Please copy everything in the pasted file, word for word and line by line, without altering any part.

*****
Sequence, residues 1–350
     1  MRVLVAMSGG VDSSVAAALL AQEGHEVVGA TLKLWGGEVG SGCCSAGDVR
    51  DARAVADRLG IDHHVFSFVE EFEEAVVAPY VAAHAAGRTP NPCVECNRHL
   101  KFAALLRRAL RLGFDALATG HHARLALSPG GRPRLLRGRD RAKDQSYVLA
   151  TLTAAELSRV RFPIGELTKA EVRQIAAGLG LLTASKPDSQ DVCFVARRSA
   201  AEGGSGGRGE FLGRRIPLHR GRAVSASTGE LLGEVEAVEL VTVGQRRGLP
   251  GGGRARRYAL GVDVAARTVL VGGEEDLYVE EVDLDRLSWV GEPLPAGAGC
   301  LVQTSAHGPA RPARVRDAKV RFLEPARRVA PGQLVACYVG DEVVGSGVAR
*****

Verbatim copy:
Sequence, residues 1–350
     1  MRVLVAMSGG VDSSVAAALL AQEGHEVVGA TLKLWGGEVG SGCCSAGDVR
    51  DARAVADRLG IDHHVFSFVE EFEEAVVAPY VAAHAAGRTP NPCVECNRHL
   101  KFAALLRRAL RLGFDALATG HHARLALSPG GRPRLLRGRD RAKDQSYVLA
   151  TLTAAELSRV RFPIGELTKA EVRQIAAGLG LLTASKPDSQ DVCFVARRSA
   201  AEGGSGGRGE FLGRRIPLHR GRAVSASTGE LLGEVEAVEL VTVGQRRGLP
   251  GGGRARRYAL GVDVAARTVL VGGEEDLYVE EVDLDRLSWV GEPLPAGAGC
   301  LVQTSAHGPA RPARVRDAKV RFLEPARRVA PGQLVACYVG DEVVGSGVAR